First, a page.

Breaking Down Key Changes to the Fair Work Act 2009 (Cth)

What is the Fair Work Act 2009 (Cth) 

The Fair Work Act 2009 (Cth) (‘Fair Work Act’) essentially governs the employee and employer relationship in Australia. It provides for terms and conditions of employment and sets out the rights and responsibilities of employees, employers, and employee organisations in relation to that employment. 


Key changes to the Fair Work Act

Now let’s talk change. Recent months have seen a flurry of legislative activity, reshaping the regulatory landscape with the enactment of the Fair Work Legislation Amendment (Closing Loopholes) Act 2023 (Cth) (Closing Loopholes No.1) and the Fair Work Legislation Amendment (Closing Loopholes No.2) Act 2024 (Cth) (Closing Loopholes No.2).These revisions, some already in effect, while others poised for implementation by 2025, signify a significant evolution in workplace regulations. Some of the key revisions include the following: 


Same Job, Same Pay—Labour Hire  

Starting November 2024, the Fair Work Commission will be empowered to issue ‘regulated labour hire arrangement order’ which may compel an employer to pay their employees no less than the protected rate of pay. This is expected to reinforce the ‘same job, same pay’ objective for labour hire workers. 


Casual Employment 

The definition of casual employment will return to a ‘multi-factor’ assessment. This means peering beyond the contract’s fine print, considering the entire employment relationship. Key considerations will include whether the employer has made a firm advance commitment to continuing and indefinite work and whether the employee is entitled to a casual loading or specific rate of pay. These factors, when taken together, will now carry greater weight than the written contract.  

Employers will need to provide casual employees with a ‘Casual Employment Information Statement’ prior to or soon after the commencement of casual employment. This requirement will also apply at the 6-month and 12-month marks.

But that’s not all.  

Casual conversion will become an employee entitlement. Casual workers can request a shift to permanent employment after 6 months (with a longer period for small businesses) by notifying their employers.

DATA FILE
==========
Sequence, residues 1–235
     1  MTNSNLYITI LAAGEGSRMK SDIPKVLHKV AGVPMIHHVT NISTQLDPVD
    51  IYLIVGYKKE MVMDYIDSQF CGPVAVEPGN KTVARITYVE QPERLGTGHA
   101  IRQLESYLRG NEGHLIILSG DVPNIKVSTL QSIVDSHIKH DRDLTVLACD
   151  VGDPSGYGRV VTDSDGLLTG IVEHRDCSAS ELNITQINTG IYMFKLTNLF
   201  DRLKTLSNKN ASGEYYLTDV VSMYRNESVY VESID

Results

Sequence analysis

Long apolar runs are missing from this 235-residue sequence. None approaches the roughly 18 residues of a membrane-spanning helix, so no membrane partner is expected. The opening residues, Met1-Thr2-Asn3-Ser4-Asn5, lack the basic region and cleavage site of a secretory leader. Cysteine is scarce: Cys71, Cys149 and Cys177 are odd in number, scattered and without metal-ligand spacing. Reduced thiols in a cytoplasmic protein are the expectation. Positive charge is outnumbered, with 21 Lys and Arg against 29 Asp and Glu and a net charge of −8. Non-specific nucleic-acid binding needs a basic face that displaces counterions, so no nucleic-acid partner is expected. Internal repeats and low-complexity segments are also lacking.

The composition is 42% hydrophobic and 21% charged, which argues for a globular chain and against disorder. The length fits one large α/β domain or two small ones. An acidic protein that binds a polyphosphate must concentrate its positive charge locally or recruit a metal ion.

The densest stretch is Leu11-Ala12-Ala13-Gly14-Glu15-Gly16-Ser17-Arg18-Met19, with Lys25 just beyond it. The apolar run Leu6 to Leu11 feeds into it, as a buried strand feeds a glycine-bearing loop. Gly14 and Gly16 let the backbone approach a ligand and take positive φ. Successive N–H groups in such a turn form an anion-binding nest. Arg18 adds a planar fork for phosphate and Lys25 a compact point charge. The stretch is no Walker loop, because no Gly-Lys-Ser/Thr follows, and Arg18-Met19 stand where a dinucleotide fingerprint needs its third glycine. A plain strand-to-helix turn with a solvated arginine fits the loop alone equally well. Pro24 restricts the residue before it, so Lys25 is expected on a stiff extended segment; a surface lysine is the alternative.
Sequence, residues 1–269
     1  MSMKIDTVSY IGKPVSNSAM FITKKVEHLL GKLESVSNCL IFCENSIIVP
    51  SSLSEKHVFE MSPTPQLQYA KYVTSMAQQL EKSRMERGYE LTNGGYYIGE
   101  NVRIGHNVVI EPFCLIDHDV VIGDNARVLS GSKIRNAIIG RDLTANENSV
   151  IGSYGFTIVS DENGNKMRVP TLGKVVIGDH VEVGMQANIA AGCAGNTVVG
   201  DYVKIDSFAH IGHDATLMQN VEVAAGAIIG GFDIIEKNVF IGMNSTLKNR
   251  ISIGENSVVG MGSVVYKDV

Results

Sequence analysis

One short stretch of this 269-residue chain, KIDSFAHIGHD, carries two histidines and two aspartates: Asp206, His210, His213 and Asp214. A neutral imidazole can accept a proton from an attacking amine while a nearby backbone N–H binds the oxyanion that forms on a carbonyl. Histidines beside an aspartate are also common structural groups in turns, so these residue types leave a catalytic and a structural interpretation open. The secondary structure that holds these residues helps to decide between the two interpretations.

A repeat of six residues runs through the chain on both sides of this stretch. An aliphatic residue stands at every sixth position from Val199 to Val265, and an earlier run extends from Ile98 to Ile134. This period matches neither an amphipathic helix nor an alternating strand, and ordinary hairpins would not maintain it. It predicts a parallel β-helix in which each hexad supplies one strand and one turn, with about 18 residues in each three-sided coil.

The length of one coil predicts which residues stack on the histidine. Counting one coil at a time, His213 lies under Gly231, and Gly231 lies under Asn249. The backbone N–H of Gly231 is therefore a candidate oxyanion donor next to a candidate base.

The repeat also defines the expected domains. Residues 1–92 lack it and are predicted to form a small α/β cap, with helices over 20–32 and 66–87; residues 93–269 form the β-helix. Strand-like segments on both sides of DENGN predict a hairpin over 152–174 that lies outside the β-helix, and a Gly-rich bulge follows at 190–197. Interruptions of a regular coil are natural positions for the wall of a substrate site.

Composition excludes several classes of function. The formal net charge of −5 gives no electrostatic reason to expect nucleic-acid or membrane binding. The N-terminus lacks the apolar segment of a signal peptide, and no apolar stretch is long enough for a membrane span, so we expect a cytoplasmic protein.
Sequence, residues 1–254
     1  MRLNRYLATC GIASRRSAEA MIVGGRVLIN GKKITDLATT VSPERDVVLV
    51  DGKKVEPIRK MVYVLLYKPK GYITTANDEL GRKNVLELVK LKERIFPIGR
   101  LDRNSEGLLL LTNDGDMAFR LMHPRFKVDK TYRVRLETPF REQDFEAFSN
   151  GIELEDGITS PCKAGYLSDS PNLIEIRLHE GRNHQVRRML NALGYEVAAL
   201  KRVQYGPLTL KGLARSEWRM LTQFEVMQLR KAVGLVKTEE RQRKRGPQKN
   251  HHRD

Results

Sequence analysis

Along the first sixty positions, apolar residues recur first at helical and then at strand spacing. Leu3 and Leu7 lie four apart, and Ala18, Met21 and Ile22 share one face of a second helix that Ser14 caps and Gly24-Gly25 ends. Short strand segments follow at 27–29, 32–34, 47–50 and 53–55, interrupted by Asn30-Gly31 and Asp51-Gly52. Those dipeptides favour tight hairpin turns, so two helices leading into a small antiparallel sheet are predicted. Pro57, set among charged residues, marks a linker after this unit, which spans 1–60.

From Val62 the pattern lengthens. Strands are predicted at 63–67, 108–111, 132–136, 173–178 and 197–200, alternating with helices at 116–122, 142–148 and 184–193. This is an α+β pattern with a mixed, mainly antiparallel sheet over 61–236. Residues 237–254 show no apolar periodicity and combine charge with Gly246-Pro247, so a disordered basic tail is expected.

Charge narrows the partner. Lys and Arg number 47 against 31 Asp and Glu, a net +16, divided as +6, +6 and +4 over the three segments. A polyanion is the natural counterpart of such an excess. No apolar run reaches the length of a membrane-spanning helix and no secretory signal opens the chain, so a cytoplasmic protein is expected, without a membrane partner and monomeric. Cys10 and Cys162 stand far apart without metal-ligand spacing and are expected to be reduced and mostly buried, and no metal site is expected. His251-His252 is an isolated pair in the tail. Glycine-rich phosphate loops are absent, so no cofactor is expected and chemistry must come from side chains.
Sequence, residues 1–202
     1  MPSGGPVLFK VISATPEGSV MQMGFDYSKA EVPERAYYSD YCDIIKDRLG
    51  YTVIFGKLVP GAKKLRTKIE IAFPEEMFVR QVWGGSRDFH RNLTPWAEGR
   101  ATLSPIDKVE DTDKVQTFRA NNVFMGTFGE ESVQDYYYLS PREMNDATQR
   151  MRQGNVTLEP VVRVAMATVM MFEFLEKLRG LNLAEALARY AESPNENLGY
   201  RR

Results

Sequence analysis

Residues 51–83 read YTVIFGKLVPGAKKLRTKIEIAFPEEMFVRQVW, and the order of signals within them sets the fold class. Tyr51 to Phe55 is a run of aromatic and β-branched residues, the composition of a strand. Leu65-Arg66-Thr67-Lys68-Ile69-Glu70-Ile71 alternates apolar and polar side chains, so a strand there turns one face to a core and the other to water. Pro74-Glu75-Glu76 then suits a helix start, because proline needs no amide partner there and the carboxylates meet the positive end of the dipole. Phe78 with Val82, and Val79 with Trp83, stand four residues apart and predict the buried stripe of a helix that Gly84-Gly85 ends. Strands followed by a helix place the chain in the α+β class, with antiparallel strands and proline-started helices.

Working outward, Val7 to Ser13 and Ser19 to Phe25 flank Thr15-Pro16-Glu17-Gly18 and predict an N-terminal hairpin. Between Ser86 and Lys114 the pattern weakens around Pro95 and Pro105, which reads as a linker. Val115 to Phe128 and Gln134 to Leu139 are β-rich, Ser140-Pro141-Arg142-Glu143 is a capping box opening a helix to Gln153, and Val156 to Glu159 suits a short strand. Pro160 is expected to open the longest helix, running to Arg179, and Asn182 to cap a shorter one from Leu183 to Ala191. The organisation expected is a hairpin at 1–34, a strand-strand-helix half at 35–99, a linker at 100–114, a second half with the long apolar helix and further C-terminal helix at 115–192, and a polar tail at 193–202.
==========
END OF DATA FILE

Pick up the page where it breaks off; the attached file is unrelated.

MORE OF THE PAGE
Right to Disconnect 

The ‘Right to Disconnect’ empowers employees to set boundaries beyond their designated work hours by having the ability to:  

  • Decline monitoring, reading, or responding to communication from their employer (or a third party) that occurs outside of their designated ‘working hours’; 
  • Except in cases where the refusal is deemed unreasonable. 


Employee-like worker 

For gig workers, there’s good news, too. Enhanced protections are on the way, especially for those in ride-sharing and meal delivery. The Fair Work Commission will be authorised to establish Minimum Standards Orders, outlining fundamental entitlements, and issuing guidelines for employee-like engagements. 

Furthermore, the revisions encompass additional rights enabling workers to contest unjustified terminations of their engagements. 


Moving Forward 

Amidst these changes, clarity is key. It is important to understand these key changes and all of the other changes set to shake up the Fair Work Act. Employers and employees alike must grasp their roles and rights as the landscape evolves. 


Key takeaways

  • There have been and will be changes to the Fair Work Act.
  • Employers and employees should understand their duties, responsibilities and entitlements.